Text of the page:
Either way, that’s not exactly winning, and it surely isn’t Awesome.
Nevertheless, that’s the essential story of the current so-called recovery. Relative to the pre-recession peak in November 2007, the count of “36% jobs” in leisure and hospitality has essentially recovered to the flat-line at 13.4 million jobs, while goods-producing jobs are still 8% below their pre-recession peak.
Again, in dollars of income, the implications are startling. At November weekly earnings rates and employment levels, the goods-producing sector generates $1.268 trillion of wages on an annual basis and the Leisure & Hospitality sector generates just $306 billion.
So as we said, their ain’t nothing Awesome about the US jobs market. Jobs Friday, in fact, is just one great big cover story for a casino that has become total unhinged.
Total Employment, Good-Producing and Leisure & Hospitality, 2007-2020
To be sure, the Jobs Friday con has been going on for years, but that does not gainsay the deteriorating trend that the Wall Street/Fed narrative total obfuscates.
Jobs are migrating from goods to services and from high pay to low pay, but at some point soon the US economy is going to run out of tax dollars and borrowed money to fund the growth of households’ doing each others’ laundry.
To repeat, during November 2020 on an annual basis goods-producing jobs were worth $62,600, health and education jobs were worth pay of $48,500 and hospitality and leisure jobs were worth $22,820.
Yet since January 2000, the total number of good-producing jobs has shrunk by –17.8%, while leisure and hospitality jobs are up by +14.5% and health and education jobs by +54.3%.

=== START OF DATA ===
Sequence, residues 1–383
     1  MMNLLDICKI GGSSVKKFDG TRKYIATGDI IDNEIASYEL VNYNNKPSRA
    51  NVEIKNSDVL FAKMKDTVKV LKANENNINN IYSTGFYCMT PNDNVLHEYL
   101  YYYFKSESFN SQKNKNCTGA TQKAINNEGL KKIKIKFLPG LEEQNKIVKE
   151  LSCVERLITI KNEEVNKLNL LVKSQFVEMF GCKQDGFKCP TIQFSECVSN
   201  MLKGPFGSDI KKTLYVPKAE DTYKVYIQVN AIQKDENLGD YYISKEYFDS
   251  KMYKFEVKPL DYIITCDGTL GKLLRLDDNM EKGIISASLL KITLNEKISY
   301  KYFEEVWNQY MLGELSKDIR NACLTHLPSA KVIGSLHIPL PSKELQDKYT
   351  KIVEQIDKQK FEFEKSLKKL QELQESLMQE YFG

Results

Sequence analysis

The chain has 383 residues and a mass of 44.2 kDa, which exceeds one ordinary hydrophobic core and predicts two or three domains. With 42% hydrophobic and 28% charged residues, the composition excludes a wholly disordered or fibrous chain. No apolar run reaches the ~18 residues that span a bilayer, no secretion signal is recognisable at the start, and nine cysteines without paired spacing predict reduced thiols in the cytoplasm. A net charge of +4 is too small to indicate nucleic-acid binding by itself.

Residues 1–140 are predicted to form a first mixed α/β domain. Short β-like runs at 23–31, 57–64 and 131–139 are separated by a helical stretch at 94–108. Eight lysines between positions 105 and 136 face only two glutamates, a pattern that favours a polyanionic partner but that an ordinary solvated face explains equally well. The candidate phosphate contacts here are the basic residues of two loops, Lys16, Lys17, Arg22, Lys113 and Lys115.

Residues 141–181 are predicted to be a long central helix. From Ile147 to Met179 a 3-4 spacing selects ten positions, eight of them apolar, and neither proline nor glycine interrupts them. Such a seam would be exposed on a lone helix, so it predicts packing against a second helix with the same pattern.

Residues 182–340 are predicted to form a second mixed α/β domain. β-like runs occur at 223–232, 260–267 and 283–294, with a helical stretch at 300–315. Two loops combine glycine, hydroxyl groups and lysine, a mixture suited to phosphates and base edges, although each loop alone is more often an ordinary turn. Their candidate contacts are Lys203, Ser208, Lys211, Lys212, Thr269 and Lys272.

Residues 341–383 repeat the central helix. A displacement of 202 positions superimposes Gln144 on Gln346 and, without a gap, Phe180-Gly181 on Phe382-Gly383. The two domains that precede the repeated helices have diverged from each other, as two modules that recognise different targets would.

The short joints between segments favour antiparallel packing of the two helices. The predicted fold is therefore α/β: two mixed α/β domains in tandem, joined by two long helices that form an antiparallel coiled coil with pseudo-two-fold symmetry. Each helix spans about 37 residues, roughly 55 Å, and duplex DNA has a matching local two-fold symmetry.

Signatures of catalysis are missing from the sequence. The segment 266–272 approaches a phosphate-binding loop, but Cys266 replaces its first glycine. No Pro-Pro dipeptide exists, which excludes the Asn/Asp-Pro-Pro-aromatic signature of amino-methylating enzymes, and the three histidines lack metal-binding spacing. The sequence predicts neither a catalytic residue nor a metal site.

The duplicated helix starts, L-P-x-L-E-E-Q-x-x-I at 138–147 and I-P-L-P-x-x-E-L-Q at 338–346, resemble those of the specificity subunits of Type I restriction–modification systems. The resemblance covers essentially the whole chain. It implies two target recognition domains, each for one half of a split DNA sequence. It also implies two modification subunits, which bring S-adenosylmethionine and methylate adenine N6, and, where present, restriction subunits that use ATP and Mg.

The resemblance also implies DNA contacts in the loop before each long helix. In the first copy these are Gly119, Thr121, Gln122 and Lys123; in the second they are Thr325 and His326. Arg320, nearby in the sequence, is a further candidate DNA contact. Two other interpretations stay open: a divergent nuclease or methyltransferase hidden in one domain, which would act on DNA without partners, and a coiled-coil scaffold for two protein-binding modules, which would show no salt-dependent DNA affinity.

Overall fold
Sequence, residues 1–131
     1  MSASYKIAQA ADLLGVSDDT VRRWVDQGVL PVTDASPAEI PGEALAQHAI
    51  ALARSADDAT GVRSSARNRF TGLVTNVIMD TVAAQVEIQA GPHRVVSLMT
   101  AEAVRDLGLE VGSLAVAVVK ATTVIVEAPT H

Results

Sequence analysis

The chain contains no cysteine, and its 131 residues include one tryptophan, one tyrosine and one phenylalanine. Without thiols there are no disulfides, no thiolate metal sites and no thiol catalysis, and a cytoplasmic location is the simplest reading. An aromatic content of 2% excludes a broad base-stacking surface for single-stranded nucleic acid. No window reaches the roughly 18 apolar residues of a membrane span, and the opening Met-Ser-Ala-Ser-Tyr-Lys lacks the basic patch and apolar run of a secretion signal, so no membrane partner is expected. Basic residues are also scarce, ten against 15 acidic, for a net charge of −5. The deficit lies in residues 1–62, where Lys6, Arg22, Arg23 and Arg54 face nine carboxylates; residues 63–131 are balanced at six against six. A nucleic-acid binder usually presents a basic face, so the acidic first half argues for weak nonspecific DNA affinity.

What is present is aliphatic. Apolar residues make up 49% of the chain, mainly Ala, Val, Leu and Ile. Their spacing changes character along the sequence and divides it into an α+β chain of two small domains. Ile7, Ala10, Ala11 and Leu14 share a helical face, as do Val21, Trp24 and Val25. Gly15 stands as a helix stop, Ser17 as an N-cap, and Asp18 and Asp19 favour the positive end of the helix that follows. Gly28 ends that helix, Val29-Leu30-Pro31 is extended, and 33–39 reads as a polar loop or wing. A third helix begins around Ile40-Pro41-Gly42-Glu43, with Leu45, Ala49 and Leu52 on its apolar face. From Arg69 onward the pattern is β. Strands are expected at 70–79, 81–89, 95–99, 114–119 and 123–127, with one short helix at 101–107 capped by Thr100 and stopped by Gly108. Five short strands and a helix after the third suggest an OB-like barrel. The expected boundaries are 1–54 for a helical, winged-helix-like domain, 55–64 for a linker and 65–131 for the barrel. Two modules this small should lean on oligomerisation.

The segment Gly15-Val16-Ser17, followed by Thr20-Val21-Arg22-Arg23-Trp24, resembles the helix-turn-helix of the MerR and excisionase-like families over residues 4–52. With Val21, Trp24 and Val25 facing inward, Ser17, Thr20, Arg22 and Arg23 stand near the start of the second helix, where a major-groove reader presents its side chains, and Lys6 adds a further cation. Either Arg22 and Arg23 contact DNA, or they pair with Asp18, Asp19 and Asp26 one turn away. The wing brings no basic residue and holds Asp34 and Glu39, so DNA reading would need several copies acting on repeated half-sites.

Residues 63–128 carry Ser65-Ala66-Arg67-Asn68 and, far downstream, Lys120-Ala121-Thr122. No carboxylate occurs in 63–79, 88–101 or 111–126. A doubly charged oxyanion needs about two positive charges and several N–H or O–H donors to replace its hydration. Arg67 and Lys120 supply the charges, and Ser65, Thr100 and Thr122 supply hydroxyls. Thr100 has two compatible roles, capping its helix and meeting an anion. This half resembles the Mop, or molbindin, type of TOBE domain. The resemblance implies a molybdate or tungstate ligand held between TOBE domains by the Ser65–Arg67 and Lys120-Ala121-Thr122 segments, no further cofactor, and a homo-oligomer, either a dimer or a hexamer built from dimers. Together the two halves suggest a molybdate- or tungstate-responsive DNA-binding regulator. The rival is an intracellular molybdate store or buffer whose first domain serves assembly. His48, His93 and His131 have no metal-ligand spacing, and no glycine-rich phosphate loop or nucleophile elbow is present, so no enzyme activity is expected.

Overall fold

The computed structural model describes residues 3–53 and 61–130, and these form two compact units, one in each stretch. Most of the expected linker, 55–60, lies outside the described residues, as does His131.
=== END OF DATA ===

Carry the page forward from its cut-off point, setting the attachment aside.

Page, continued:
You could call that running-in-place rather than Awesome and be done with it. But there is actually a further even more vexing angle with respect to the trends embodied in the chart below. To wit:
- Households with incomes of $100,000+ account for nearly 50% of restaurant spending and own nearly 90% of the stock. When the bubble bursts, so will their spending.
- Upwards of 90% of the $5.0 trillion spent on health and education services in the US is provided directly and indirectly by the public fisc. The latter is going broke fast, and so is its ability to fund the growth of services and jobs in the HES complex.
At the end of the day, the real Big Lie of the present time is that the labor market is rebounding in an awesome “V” and it will keep the GDP cranking ever higher.
In fact, today’s Jobs Report proved once again that nearly the opposite is actually the case.